The Defence Acquisition Council on Friday cleared the purchase of 10 Russian-made Kamov Ka-31 helicopters for the Indian Navy. ANI news agency reported the proposed acquisition would cost approximately Rs 3,600 crore.
The Ka-31 is a variant of the older Russian Ka-29 maritime helicopter and is specifically meant for the airborne early warning (AEW) role. The Ka-31 carries a rotating radar system that is stowed below its fuselage when not in use. The Ka-31 uses the 'Oko' radar system, which can detect aerial targets up to a distance of 200km away. The Oko radar is also capable of scanning for targets on the surface of the sea or on land.
Systems like the Ka-31 are vital to extending the radar coverage of the Indian Navy. Radars on board ships have a limited 'horizon', which impedes their range in detecting and tracking low-flying targets, in particular anti-ship missiles. In fact, the evolution of modern helicopter-borne AEW systems can be traced to vulnerability of Royal Navy ships to Argentine missile attack during the Falklands War of 1982. After the war, the Royal Navy developed and deployed an AEW system on its Sea King helicopters.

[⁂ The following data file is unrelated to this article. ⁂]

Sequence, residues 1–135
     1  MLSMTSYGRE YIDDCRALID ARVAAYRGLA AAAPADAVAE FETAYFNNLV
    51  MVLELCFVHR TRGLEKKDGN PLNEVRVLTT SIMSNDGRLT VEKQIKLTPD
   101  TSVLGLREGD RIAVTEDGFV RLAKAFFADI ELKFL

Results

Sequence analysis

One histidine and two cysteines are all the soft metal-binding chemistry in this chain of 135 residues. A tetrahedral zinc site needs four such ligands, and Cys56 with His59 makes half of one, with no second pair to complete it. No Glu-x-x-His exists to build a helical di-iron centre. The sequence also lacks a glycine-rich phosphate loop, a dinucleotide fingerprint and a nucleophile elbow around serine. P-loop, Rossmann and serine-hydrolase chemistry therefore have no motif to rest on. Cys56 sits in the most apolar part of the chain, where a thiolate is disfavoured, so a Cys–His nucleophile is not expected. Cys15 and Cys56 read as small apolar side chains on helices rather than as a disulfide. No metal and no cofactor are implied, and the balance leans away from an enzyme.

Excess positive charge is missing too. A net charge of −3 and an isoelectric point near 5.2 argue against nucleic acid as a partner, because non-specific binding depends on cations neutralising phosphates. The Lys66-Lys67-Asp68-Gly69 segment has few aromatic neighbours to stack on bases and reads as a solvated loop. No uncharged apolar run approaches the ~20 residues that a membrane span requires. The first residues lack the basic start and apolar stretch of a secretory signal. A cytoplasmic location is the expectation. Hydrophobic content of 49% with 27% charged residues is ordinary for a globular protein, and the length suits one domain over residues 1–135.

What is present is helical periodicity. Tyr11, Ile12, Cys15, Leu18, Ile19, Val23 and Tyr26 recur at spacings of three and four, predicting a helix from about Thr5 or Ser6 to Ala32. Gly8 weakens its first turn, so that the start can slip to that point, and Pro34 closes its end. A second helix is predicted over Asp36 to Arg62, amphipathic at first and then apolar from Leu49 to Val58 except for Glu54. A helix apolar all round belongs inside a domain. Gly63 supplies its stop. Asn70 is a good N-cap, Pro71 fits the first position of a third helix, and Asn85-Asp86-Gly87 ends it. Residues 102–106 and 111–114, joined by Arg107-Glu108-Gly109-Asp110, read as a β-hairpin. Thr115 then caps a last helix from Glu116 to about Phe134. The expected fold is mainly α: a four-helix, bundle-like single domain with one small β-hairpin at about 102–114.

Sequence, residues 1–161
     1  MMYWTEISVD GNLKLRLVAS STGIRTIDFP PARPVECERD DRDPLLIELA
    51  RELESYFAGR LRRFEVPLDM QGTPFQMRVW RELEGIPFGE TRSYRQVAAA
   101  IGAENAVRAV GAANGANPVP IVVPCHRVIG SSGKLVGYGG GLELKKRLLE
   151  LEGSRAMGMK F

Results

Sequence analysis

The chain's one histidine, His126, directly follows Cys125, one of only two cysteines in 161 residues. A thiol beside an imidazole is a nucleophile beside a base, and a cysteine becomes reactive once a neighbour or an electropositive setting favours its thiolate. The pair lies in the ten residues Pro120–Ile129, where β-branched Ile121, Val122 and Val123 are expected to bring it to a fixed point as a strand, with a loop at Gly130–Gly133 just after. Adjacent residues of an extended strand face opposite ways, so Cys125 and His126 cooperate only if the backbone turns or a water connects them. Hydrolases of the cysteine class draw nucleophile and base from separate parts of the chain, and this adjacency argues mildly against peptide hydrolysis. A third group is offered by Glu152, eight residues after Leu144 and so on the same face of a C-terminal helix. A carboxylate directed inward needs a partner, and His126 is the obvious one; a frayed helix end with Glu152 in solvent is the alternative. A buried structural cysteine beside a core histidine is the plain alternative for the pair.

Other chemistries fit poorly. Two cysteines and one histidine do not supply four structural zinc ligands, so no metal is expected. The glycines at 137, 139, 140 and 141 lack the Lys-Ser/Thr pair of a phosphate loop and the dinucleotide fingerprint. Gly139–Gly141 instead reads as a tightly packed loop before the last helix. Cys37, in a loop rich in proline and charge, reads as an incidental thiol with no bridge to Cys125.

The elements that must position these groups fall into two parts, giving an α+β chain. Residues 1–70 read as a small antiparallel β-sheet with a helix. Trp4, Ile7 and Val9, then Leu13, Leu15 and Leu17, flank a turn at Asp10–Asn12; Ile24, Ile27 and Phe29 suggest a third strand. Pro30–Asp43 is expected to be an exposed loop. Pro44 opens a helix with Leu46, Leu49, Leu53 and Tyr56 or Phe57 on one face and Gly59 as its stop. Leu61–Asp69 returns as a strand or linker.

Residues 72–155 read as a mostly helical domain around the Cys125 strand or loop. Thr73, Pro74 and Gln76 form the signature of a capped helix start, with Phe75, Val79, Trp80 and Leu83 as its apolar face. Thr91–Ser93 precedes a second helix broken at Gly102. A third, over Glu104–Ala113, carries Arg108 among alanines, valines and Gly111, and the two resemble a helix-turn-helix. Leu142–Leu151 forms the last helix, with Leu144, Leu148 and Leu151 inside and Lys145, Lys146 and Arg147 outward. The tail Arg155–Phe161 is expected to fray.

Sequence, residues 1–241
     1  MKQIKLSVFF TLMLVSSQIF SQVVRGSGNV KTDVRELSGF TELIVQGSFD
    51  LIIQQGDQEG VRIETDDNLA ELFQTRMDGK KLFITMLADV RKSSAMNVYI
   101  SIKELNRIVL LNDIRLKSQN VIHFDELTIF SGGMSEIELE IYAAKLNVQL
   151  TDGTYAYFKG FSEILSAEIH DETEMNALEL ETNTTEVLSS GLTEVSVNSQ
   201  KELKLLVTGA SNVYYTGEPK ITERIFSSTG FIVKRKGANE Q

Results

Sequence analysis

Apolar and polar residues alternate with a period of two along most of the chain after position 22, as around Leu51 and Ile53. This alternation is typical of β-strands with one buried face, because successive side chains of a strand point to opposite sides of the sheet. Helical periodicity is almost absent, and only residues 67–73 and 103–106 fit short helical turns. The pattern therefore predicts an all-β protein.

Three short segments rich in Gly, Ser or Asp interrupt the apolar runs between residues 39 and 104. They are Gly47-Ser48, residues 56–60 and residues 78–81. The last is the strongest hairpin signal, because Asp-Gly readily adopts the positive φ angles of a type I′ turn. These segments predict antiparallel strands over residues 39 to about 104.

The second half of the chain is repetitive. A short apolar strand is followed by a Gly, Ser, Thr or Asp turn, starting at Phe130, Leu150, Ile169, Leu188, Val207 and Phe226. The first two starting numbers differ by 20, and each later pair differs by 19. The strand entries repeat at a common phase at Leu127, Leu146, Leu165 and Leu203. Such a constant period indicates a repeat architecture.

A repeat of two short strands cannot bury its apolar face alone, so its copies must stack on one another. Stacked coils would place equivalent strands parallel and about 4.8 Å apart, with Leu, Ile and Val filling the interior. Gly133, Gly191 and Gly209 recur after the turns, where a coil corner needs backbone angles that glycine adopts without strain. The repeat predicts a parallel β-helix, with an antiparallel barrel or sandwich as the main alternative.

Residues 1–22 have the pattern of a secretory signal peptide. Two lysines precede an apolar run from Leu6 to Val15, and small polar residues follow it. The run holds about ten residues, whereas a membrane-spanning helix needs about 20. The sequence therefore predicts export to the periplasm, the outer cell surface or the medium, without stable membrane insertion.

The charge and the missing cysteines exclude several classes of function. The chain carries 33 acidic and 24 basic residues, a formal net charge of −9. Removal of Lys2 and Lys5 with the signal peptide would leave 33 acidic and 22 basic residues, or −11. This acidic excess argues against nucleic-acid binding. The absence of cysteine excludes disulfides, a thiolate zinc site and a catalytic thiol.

The Indian Navy first ordered the Ka-31 in 1999 for deployment on the INS Viraat aircraft carrier and other ships. Subsequent orders were placed in the following decade and according to Russian Helicopters, the Indian Navy currently operates a fleet of 14 Ka-31 helicopters. The Ka-31 has been sold to the navy of China as well.
Helicopter-mounted AEW systems like the Ka-31 have inferior parameters—such as lower radar capability, operating height and speed—in comparison with dedicated fixed-wing systems like the US-built E-2 Hawkeye. However, heavy aircraft like the E-2 Hawkeye would not be easy to operate from the Indian Navy's aircraft carriers, which lack catapults to assist the aircraft in taking off. Interestingly, the US had offered the Indian Navy the E-2 Hawkeye over a decade ago.